Fintech executive, writer, math geek, and investment systems developer. Founder and CEO of Altruist and Founder of FormulaFolios.

When Pensions Go Belly Up...

I just read an interesting blog post by Mish Shedlock regarding the dire situation of quite a few State of Illinois pension systems.  In a nutshell, Illinois is close to broke.  There are hundreds of thousands of people depending on pensions promised by the state, and frankly, there's almost no possible way all of these obligations will be able to be met. In their most simple form, pensions are pools of money where employees have money deferred from their wages.  These wage deferrals are then invested and retirement incomes are then "guaranteed" for life (or a form of joint life for those that are married and choose that option).  In order for the concept of the pension to work, those managing the large pools of money must earn a decent return in order to meet these obligations.  If they do not, the pension becomes "under-funded."

Those pensions in Illinois are really, really underfunded.  Here's the quick and dirty rundown (percentage of each pensions funding level):

  • Teachers Retirement System (TRS) - 46.1%
  • State University Employees Retirement System (SURS) - 45.3%
  • State Employees Retirement System (SERS) - 34.9%
  • General Assembly Retirement System (GARS) - 20.2%
  • Judicial Retirement System (JRS) - 31.0%

As you can see, this is problematic.  All of these pension systems are less than 1/2 funded and a couple less than 1/3 funded.  For comparison the average private pension of S&P 1500 companies was 78% as of January 2012. (source: Reuters)

Even scarier - these funding percentages assume the pension investments will earn 8% annually from this point forward.  Ouch, that's highly unlikely to happen (in my opinion anyway).

If you'd like to read the full report you can access that here.

What does this mean to folks with pensions?

First, if you have a pension it might be a good idea to find out its current funding level.  If you have a pension your provider is required to send you a Pension Funding Notice at least annually.  If it is low, ask the pension administrator what their plans are to keep the plan from running out of assets.  If they beat around the bush with no real answer, you may need to lead the charge in rallying fellow pensioners to get some answers.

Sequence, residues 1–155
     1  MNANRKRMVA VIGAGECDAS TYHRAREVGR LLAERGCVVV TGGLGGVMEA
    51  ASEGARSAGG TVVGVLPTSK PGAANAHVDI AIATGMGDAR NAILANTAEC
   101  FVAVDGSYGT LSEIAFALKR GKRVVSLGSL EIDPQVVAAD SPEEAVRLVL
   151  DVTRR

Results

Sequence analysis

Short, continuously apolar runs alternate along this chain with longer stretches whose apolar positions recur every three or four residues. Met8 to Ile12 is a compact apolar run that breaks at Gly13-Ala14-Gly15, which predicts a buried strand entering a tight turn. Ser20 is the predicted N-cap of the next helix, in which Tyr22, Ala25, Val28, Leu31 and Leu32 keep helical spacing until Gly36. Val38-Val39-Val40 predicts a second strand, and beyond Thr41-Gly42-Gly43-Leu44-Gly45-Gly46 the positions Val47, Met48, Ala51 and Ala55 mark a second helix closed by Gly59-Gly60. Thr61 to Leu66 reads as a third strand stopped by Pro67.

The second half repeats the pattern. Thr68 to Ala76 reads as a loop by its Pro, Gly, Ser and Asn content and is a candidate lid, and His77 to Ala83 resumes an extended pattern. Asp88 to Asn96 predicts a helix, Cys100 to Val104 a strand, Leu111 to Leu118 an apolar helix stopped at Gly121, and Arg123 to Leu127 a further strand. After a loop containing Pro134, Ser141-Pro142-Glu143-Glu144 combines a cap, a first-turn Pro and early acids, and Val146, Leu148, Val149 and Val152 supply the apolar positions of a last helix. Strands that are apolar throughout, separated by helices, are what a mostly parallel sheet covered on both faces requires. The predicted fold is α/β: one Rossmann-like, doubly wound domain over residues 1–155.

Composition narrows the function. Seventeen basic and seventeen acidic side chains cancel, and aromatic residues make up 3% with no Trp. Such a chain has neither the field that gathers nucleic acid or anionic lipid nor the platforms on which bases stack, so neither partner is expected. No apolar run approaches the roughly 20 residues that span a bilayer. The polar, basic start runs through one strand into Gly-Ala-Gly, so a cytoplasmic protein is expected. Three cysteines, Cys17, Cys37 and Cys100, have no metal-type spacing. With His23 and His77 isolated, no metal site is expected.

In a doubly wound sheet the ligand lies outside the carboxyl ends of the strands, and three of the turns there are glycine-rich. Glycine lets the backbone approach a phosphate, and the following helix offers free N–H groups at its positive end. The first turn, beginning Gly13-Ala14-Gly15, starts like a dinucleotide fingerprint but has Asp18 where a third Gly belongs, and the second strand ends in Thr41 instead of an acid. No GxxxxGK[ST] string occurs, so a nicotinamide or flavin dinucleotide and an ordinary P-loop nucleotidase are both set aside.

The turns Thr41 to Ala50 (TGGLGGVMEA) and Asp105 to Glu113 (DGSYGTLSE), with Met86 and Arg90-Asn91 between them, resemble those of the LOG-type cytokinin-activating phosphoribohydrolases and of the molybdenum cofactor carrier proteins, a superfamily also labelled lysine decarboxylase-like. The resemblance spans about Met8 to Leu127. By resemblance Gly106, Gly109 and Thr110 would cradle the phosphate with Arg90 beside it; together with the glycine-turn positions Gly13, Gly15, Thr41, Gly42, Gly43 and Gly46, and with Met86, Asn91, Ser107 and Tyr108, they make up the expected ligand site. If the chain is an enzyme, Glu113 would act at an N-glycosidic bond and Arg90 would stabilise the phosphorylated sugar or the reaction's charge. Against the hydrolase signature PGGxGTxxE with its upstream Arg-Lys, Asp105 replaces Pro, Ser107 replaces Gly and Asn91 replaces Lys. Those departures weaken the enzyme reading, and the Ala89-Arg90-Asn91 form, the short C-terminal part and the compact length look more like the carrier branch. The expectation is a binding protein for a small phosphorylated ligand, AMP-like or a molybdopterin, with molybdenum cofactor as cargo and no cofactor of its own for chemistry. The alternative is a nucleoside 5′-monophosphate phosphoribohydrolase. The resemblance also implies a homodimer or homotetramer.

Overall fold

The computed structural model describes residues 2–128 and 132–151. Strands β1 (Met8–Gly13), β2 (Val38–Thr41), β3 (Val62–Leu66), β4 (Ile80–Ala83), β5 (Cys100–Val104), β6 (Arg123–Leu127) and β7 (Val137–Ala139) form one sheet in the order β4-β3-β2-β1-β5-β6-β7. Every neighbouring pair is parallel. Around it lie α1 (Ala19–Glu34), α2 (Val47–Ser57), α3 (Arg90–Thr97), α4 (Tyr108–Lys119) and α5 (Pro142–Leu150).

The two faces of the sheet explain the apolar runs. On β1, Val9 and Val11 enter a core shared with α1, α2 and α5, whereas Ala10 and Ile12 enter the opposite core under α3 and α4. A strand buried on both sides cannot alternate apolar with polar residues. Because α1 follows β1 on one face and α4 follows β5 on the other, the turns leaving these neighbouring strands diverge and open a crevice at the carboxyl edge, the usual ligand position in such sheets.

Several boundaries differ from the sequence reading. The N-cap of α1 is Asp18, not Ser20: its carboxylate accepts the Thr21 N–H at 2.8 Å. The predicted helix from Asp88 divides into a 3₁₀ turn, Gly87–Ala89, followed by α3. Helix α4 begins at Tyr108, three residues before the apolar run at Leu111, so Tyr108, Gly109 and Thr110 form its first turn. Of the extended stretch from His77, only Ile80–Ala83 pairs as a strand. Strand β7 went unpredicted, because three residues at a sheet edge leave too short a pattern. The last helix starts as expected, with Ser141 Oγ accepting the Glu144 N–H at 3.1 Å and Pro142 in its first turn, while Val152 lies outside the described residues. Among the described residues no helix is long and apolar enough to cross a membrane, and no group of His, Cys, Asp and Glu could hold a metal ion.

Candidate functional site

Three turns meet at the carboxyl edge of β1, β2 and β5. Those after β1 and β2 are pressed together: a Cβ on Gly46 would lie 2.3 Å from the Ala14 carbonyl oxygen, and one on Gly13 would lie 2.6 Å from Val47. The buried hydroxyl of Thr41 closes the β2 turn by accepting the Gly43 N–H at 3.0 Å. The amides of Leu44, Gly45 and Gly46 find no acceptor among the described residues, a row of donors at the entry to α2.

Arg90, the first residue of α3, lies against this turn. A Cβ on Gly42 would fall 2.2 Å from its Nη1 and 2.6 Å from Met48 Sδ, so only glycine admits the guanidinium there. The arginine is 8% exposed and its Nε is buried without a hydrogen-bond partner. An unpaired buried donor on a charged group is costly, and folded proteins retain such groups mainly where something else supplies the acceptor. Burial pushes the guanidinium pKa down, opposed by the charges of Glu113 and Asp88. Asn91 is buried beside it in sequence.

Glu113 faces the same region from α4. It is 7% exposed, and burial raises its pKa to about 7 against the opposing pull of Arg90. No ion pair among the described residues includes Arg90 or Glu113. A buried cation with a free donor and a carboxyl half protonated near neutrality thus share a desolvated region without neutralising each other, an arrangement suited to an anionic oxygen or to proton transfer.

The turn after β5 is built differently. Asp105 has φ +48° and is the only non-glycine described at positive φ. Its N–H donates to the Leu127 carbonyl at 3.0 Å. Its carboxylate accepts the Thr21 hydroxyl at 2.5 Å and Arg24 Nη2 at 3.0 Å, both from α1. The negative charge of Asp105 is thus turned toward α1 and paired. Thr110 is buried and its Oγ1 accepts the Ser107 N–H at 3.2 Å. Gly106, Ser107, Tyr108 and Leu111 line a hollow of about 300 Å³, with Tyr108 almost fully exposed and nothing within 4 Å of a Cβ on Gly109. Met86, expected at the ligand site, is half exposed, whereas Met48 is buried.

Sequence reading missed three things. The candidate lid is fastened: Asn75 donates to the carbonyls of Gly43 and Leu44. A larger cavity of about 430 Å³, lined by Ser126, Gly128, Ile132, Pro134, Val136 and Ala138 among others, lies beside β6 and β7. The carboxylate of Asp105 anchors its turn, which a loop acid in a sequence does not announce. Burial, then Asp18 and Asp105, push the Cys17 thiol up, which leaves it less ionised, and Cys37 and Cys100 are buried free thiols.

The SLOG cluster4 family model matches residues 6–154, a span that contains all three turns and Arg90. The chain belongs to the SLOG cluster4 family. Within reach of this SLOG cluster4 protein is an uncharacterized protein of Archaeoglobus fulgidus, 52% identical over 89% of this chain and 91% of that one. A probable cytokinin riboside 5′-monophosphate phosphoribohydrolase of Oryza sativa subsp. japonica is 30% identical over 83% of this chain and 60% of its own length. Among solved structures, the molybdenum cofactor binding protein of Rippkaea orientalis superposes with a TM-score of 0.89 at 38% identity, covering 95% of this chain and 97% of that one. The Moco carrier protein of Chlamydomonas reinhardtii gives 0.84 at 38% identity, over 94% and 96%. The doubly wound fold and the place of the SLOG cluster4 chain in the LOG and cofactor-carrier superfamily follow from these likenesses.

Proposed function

If you're still working but not yet collecting a promised pension, you'll want to make sure your own retirement assets are being managed in the most responsible possible manner.

Generally speaking pensions are safe bets.  But they can go bad, and they can default.

When that happens usually the government sponsored Pension Benefit Guarantee Corporation (PBGC) steps in.  This allows current benefits to continue to be paid in full, but since plans are usually frozen at this point, workers just a few years shy of retirement are likely to receive less (sometimes a lot less) than they originally thought.  This is because pension estimates assume you work up to retirement and in the latter years of employment generally are at your peak earning years.

The big risk, in my estimation, is that too many pensions will eventually freeze and/or default.  If this happens the Pension Benefit Guarantee Corporation will have a very tough time paying out all of the defunct pensions.  Since the PBGC is government sponsored, this ultimately means our already financially stressed budget could be further weighed down with dozens (or more) bad pensions.

Will all these nasty pensions turn the USA into Greece?

This is different, but no so different than what has happened in Greece.  The government was paying way too much in guaranteed retirement benefits and didn't have the funds to do it.  Eventually Greece couldn't keep up with all the pension obligations, general operating costs, and interest on their debt.  When that happened retirement benefits had to be reduced substantially (along with many other entitlements) - leading to riots in the streets.

I have family, friends, clients, and an entire business in Illinois.  I know they're not the only state with pension funding issues, but for the sake of everyone there, and ultimately the whole country, I sincerely hope they figure out their pension shortcomings.  Only time will tell though, and I'm not sure how much of that they have.


Jason Wenk

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